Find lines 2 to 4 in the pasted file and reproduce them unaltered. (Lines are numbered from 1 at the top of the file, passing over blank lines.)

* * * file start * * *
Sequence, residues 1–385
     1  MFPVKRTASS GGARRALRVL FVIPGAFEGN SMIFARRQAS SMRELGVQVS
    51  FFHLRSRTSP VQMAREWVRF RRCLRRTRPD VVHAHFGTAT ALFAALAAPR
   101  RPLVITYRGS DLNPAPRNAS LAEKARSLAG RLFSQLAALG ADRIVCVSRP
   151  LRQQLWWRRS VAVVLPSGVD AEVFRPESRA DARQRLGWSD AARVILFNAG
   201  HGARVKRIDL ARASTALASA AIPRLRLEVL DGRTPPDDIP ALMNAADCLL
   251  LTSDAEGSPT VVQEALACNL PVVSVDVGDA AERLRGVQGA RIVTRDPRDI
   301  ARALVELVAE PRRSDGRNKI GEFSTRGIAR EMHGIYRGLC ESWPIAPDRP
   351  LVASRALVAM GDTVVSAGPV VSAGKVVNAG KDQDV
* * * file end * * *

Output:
     1  MFPVKRTASS GGARRALRVL FVIPGAFEGN SMIFARRQAS SMRELGVQVS
    51  FFHLRSRTSP VQMAREWVRF RRCLRRTRPD VVHAHFGTAT ALFAALAAPR
   101  RPLVITYRGS DLNPAPRNAS LAEKARSLAG RLFSQLAALG ADRIVCVSRP